Keeping students and teachers together

ERN frequently receives requests for information on “looping,” the practice of keeping students with the same teachers for multiple years. Susan Black, a staff writer for the American School Board Journal, recently reported on educators’ experiences with looping and included references for further reading.

Schools experienced with looping report that teachers who keep the same students for two or three years know their students very well and form close personal relationships with them and their parents. These teachers report that discipline problems decrease dramatically as they build trust with students
and their families. In these classes, more time is spent on academic tasks because there are fewer interruptions for discipline and because students are familiar with the classroom routines and their teacher’s expectations. Students settle right into the class routine at the beginning of subsequent years. Teachers in looped classes frequently assign summer activity packets tied to upcoming topics in the curriculum. They say this helps keep students from losing ground over the vacation.

Extra time on learning improves achievement

This extra time spent on learning leads to improved achievement, report researchers from Ohio’s Cleveland State University who studied looped classrooms in East Cleveland’s FAST (Families Are Students and Teachers) program. Data show that parents in these classrooms had higher rates of participation, and student attitudes toward learning improved. Importantly, Project FAST classes had higher reading and mathematics achievement scores than non-looped classes in the same schools. Teachers who stayed with their students for multiple years also reported a greater sense of effectiveness.

In a study carried out at Johns Hopkins University, researchers found similarly positive attitudes in the looped classes they studied. Teachers, students and parents said that looped classrooms were like a second home where kids felt safer and more secure and from which fewer students were referred for special education.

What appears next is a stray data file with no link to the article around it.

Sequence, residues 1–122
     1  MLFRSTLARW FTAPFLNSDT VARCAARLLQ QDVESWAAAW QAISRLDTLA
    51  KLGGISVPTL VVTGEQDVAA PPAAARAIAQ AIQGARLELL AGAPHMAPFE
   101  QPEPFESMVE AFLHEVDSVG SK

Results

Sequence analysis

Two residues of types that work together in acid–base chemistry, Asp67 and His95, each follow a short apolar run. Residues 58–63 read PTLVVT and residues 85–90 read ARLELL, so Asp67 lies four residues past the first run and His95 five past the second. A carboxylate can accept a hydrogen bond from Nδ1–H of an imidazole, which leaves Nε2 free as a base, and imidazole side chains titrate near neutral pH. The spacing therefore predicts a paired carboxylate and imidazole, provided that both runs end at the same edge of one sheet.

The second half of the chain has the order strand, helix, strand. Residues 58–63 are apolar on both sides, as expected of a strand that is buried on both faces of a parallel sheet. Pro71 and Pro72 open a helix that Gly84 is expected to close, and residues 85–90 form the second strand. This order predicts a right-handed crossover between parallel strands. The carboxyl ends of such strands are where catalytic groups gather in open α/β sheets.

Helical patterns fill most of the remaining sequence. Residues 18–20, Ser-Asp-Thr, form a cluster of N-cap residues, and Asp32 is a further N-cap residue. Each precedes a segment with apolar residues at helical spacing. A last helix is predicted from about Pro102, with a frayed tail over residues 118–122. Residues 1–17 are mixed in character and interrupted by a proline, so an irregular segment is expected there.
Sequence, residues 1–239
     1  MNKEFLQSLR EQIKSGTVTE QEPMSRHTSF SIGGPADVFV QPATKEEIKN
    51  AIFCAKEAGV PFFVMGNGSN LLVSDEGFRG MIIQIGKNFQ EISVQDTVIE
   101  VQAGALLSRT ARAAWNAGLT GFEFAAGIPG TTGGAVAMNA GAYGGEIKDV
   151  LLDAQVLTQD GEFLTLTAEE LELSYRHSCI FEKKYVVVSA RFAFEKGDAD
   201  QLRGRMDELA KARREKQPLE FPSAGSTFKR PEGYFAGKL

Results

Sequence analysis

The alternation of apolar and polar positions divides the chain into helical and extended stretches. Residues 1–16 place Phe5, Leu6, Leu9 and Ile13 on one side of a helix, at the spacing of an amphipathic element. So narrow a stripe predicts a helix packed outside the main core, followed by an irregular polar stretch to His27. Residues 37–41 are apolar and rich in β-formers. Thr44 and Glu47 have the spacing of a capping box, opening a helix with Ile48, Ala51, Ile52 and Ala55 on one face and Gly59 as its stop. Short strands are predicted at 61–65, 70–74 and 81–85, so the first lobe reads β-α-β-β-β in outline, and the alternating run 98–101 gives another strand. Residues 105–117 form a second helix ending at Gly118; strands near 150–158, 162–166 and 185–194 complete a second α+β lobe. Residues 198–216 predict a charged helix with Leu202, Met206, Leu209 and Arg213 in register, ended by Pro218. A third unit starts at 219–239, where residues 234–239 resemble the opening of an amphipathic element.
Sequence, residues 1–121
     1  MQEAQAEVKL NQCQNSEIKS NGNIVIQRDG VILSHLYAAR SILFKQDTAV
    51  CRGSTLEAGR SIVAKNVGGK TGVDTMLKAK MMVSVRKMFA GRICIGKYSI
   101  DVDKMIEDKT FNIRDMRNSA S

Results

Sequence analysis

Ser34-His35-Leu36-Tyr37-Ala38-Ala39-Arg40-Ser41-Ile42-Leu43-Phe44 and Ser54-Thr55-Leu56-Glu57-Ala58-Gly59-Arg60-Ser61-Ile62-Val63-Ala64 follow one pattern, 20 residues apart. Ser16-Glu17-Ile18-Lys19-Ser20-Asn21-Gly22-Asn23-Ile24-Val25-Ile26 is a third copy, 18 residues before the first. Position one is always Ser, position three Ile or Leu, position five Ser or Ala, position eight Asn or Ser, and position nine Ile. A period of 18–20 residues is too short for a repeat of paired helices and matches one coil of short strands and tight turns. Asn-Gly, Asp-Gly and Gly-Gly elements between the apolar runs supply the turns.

Deborah Meier, former principal of award-winning schools in East Harlem, used looping in the mid-1980s as a way to establish strong bonds between teachers and students. In Attleboro, Massachusetts, Superintendent Joseph Rappa instituted looping in the district’s five elementary and three middle schools. Positive results included increased attendance and retention rates, decreased discipline problems and suspensions, and a 55 percent decrease in special-education referrals. In addition, staff absenteeism was cut by more than half.


Educators who have experienced the positive effects of keeping students and teachers together for more than one year conclude, however, that looping is not a panacea nor is it appropriate for all situations. Although it may look simple because it doesn’t require major restructuring, additional staff or increase budgets, it does require a deep commitment and some training to be successful. Educators experienced with looping say that it should be an option offered to teachers rather than a reform mandated for an entire school or district. Successful programs lead to its expanded use. 

Administrators who oversee successful looping programs recommend that the best way to start is to give a few teachers wanting to try the approach the support they need to be successful. Extra planning time is essential to organize a multiple-year curriculum cycle, to work out issues such as how to handle high-need students and to
set up a communication network with parents and other professionals. Administrators also suggest that all looping placements should be reviewed at the end of each school year so that teachers and parents are offered a way out of a poor situation.

“The Practice of Looping Keeps Students with the Same Teachers” American School Board Journal Volume 187, Number 6, June 2000 Pp. 40-43.

Published in ERN September 2000 Volume 13 Number 6.

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